Two-Point Discrimination Test: Determining the Two-Point Threshold Essay

Custom Student Mr. Teacher ENG 1001-04 16 May 2016

Two-Point Discrimination Test: Determining the Two-Point Threshold

The two-point discrimination test of the skin is a simple test of the sensory nerve function. Two-point discrimination measures the individual’s capability to distinguish two points of stimuli presented at the same time. The importance of this study is the ability to tell of two points verses than one that pressing on the skin depends on two things: the concentration of the sensory receptors and the connections that the sensory nerve cells make in the brain.

An esthesiometer or caliper; compass-type instrument was used to determine limits of two-point discrimination sensitivity in several skin areas on the subject’s forearm, thumb and index finger. The activities involve the touch sense of the skin, which allows us to distinguish different kinds of stimuli upon the surface of the body. By using our touch sense, we discover superficial, deep pressure and sensations we describe as brushing, vibration, flutter, and indentation. For the forearm, it ranged from 12 mm to 35 mm. The thumb, demonstrated discrimination values of 3 mm to 10 mm while the index showed values of 1 mm to 8 mm.

The skin is sensitive to temperature and pain, in which we sense with different sets of receptors. These skin senses, along with muscle/joint position awareness or proprioception, make up the somatic senses. The subjects were both men and women aged 18-55. The minimal distance at which two points could be discriminated was measured on a line on the base the forearm, thumb and index finger of the right hand.

The two points of the caliper were applied at the same time using the weight of the caliper alone. An age-related decline in the ability to discriminate two points was obvious, but there were no significant differences in ability between men and women. The most observation was the different variation in two-point discrimination sensitivity. The results for the individual variation for both men and women suggested that caution should be used when one is interpreting the results of two-point discrimination testing on certain people.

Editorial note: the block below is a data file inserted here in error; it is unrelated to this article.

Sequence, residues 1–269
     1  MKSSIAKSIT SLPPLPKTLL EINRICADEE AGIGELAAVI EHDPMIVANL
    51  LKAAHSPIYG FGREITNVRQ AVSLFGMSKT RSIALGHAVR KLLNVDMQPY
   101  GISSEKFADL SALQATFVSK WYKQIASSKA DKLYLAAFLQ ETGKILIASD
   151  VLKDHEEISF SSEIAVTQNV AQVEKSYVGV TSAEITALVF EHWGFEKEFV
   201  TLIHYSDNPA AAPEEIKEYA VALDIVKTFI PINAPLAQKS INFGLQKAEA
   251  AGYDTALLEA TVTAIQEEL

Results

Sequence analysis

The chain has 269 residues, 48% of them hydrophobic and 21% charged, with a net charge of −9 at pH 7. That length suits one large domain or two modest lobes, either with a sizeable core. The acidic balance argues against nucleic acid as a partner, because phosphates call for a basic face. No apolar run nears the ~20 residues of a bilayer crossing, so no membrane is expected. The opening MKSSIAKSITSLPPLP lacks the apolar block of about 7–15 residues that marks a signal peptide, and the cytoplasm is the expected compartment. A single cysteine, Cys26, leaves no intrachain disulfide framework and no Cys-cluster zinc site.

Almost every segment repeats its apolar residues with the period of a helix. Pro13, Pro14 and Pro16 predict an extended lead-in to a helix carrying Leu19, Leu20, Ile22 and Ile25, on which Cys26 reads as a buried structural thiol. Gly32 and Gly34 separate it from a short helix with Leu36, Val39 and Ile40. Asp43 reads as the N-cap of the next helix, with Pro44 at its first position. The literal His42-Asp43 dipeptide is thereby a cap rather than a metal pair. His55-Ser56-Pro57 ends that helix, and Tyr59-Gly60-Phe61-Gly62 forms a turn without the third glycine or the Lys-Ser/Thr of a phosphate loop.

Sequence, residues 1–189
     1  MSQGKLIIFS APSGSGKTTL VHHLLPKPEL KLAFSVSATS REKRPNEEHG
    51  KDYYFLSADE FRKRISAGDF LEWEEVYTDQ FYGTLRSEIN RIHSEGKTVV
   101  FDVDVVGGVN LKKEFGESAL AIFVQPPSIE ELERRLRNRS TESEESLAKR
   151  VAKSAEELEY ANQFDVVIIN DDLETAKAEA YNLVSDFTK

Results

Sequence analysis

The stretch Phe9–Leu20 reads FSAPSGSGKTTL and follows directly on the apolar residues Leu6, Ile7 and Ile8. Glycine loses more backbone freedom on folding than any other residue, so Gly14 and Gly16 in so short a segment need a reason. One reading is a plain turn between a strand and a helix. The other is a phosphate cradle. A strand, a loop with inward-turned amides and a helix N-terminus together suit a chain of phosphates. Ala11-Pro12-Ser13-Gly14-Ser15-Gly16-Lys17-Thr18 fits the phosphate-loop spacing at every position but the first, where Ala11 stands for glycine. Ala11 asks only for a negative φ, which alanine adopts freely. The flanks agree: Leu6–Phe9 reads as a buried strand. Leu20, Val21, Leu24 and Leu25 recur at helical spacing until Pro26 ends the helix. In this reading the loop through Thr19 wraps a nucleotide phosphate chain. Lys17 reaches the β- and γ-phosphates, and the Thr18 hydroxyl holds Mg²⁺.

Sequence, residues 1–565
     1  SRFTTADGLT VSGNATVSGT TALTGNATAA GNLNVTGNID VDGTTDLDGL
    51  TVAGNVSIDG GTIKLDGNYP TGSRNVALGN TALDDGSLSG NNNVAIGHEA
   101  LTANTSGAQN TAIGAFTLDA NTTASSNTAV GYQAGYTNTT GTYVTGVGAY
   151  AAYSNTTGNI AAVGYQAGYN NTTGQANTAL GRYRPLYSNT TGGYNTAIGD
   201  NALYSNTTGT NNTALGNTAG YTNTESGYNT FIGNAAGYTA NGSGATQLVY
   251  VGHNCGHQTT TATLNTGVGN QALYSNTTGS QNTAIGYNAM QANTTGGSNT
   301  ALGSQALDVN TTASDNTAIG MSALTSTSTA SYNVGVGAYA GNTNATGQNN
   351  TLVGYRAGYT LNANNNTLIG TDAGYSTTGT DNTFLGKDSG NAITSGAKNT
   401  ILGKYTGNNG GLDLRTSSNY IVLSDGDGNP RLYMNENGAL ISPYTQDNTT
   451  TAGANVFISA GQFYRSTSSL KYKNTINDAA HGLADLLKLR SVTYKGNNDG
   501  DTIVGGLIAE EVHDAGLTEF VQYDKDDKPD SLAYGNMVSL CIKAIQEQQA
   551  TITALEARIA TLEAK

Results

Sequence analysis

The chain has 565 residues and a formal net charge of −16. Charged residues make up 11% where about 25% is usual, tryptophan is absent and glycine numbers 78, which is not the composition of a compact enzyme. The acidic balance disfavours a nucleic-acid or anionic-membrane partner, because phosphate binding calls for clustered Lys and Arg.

The procedure of the project is to determine the ability to differentiate the touch of the calipers or an esthesiometer and a metric ruler. The project is to determine the two-point threshold which is the measurement, the smallest distance at which two points of contact can be felt. If we can feel the sensation of both picks from a short distance to a wider distance. To know when we can feel both and without looking. Turning away and getting poked when to say when you feel one touch or two touches. The areas that we did to do the test was the forearm which has thin skin, thumb and the index which has thick skin.

The ability to distinguish the two points from one area to another area of your body. The ability to determine which portion of the skin has been touched is called tactile localization. The receptors must be densely packed in a sensitive area, so that two points very close together activate different receptors. The data shows that there are certain areas that are sensitive or not so highly sensitive at all. Just depending on the testing area you could feel both or one touch of the calipers. To determine how many touches and the distance of the time of the lab.

The issues that the lab was not described well. The results are skewed do to incorrect instructions that were given. Some of others colleagues had different results and maybe also had to do to the color off our skin. Directions should be given well and should be shown how to do it correctly. Just knowing how to do it right. Methods and Materials

Twenty-four men and women, ages from 18-55 were included in this study. Pressure threshold and two-point discrimination were assessed on the forearm, thumb and index finger in both the groups using a caliper. Subjects had to have their eyes closed or look away while being tested.

Based on the graph and table we can determine that the thumb and index finger have thick skin and the forearm has thin skin. The results show us the thicker skin is more sensitive than the thin skin; this is because the thick skin has five layers and the thin skin has 4 layers. Thick skin is as thick as a standard paper towel or 0.5 mm. Thin skin is the equivalent of a sandwich bag or 0.08 mm.


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  • Date: 16 May 2016

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